The following three book recommendations are about writing, though each one is entertaining as well as educational. Two of them are memoirs, in which writing plays a natural part in the story, but you don’t need to be a writer to learn through their life experiences and discipline to their craft.
On Writing by Stephen King
I personally haven’t read any of Stephen King’s horror stories, and I don’t have any plans to, but this book came highly recommended. A memoir as well as writing advice, this book is filled with gold.
It does start a bit slow, as it begins when he’s young, but quickly picks up when he begins to write. I particularly enjoyed reading about the publication of his first novel, Carrie, and the rise to being a well-known author. It reminded me that even well-regarded authors have to start somewhere, and that somewhere has no guarantee of success.
I find Stephen King’s writing style to be highly entertaining and humorous, as he approaches life with a forward manner. He appreciates hard work and constructive criticism and knows what it is to further a skill and make habits. He knows what he’s talking about and doesn’t ramble unnecessarily.
I want to be more specific about why I love this book and why I think you should read it, but in reality nothing I say is as good as what Stephen King says in the book. Even my favourite parts (where I laughed out loud or realised something great about writing) can’t be condensed in a review; if I tried, I think they’d fall flat.
I suppose a good summary is this: he brings the reader to the very basics of writing, to the foundation of what we all should know but still somehow rarely implement. And he makes it personal because he’s lived through so many books and has had to learn how to make it work, and how to get good at writing.
My rating: 5/5 stars
The Elements of Eloquence by Mark Forsyth
Explaining the proper term for tools we use in writing, this book shed light on so, so much. I never knew why some writing is memorable, or stands out, but this book breaks down the device and examples of it being used. From Biblical references to Shakespeare to lyrics, this book covers a lot of ground.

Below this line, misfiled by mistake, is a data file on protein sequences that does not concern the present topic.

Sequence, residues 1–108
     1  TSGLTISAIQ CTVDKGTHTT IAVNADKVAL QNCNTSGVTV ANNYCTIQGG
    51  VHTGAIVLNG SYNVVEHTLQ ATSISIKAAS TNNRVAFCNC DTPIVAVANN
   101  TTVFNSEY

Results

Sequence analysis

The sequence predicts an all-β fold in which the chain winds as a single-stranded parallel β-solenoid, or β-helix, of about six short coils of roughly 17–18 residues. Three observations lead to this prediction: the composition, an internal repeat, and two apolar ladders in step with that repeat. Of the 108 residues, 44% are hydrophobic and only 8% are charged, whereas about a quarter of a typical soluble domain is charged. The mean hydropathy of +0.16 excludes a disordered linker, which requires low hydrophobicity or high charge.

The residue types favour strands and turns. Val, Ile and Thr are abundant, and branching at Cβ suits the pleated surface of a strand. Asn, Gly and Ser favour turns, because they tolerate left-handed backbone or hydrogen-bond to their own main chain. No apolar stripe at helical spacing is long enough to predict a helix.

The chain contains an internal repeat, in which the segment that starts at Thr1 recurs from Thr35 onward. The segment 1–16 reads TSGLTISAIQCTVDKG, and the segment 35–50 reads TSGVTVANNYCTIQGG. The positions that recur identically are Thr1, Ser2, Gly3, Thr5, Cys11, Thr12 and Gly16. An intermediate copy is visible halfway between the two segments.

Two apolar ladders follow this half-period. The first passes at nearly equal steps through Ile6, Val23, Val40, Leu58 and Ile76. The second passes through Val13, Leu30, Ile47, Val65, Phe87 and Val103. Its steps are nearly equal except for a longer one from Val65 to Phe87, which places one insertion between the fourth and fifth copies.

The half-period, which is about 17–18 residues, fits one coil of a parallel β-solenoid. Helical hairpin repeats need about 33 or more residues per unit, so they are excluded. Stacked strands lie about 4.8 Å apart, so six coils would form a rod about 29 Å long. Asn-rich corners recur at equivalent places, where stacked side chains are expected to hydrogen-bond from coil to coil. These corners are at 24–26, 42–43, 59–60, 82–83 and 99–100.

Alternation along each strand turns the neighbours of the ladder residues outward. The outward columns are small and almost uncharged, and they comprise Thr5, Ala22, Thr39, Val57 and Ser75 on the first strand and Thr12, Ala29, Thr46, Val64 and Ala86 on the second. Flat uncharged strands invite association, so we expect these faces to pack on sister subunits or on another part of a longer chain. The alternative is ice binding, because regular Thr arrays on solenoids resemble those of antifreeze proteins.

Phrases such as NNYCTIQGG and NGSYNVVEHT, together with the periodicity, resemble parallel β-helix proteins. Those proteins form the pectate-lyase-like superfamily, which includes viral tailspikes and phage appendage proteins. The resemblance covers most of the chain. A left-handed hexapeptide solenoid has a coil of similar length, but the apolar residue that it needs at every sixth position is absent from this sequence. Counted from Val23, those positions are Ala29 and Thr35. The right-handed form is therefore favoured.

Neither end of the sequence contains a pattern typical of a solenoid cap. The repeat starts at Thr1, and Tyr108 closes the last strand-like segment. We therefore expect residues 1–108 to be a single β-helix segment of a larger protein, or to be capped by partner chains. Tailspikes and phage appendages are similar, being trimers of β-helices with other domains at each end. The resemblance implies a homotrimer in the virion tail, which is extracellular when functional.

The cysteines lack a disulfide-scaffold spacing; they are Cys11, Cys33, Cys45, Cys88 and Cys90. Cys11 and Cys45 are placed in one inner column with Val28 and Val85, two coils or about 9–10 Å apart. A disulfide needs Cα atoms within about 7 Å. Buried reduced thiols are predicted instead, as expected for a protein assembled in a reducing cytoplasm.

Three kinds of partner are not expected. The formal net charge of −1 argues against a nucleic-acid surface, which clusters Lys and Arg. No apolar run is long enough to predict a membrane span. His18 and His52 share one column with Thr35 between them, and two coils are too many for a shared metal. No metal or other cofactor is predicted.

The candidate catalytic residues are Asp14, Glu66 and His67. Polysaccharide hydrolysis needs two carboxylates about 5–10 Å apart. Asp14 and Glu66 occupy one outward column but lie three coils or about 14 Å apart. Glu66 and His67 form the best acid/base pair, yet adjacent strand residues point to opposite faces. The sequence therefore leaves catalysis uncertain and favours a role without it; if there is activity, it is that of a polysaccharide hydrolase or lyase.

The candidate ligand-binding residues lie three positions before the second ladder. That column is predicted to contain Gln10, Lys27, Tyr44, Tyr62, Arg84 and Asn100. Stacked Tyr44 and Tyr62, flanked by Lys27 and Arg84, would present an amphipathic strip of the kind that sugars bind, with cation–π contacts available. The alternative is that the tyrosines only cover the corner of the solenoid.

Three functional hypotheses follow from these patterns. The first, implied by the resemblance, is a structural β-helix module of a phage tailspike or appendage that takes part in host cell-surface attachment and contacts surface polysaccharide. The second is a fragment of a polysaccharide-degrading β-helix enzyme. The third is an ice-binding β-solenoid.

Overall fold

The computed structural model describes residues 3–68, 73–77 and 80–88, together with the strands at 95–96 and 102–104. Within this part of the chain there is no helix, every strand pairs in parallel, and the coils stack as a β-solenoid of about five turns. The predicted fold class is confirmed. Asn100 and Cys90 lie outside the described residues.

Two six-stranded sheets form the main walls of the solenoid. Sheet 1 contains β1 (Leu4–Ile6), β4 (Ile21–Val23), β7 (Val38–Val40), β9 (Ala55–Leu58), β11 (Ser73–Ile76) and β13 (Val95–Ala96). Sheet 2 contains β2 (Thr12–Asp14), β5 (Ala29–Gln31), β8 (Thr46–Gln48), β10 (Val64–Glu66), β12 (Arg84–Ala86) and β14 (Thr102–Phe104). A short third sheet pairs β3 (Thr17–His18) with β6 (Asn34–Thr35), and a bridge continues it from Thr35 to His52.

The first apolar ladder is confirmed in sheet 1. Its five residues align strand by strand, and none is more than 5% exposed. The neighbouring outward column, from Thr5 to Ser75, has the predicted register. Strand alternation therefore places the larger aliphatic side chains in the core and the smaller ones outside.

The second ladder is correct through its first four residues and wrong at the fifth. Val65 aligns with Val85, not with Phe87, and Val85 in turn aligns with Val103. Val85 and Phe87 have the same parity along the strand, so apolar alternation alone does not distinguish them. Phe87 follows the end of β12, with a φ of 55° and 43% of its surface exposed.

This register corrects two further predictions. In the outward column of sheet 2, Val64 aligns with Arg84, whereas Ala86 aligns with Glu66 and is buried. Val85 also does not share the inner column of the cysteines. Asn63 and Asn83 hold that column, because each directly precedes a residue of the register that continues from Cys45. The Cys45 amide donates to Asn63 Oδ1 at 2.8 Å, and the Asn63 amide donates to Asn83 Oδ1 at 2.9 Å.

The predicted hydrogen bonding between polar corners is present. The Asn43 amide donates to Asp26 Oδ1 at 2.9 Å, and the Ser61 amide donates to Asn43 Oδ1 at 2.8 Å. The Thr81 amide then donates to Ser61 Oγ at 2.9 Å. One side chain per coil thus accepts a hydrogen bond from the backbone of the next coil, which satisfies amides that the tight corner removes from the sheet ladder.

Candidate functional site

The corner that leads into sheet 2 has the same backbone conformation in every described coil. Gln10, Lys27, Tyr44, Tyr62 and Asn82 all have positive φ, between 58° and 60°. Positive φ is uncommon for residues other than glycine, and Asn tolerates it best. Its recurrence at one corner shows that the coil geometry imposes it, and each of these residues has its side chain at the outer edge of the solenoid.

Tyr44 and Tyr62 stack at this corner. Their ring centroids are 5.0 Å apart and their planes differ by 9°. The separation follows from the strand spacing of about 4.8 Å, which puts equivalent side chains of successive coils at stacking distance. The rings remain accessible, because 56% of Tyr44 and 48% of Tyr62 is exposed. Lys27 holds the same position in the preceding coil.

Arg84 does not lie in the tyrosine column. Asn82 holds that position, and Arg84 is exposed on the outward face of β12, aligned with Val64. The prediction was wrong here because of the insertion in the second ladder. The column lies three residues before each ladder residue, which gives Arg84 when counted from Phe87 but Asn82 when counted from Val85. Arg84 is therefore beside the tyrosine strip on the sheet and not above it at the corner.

Some terms I already knew, like alliteration and antithesis. Others I was using in my writing without realising they had proper names, such as synaesthesia. (This is where one sense is described using another. For instance: she looks the way rain smells.)
Weaving humour and insight, this book is a great reference to turn back to time and time again.
My rating: 5/5 stars
What I Talk About When I Talk About Running by Haruki Murakami
I only picked this up on Friday, but yesterday consisted of non-stop reading. Despite being translated, this memoir is easy to read and flows from page to page. At the end of each chapter I had to keep going.
A memoir about Haruki Murakami’s journey as he began running at age 33. This book was fascinating in the dedication he has to life. He runs every day for an hour or more (sometimes 3 or 6 hours), waking up with the sun and writing habitually. In between writing novels he participates in marathons, which I find incredibly, incredibly motivating; he makes sure to do at least one a year. Not that I’m drawn toward such serious running, but there is a certain appeal about the whole thing.
I like the way he correlates running with writing, and though there are no great revelations or pieces of advice, there is so much to learn through this book as you read his experiences in both.
I also appreciate the way the author approaches the topic. He’s very humble and matter-of-fact about his life without pushing anything onto the reader. He doesn’t tell you to run, doesn’t tell you to exercise like he does. He doesn’t tell you that his routine is the best; he simply writes about his life experience and how running has become a contemplative part of daily routine.
This book is rich, and I think I will always be able to go back and read through the pages.
My rating: 5/5 stars
Happy Sunday, and happy reading!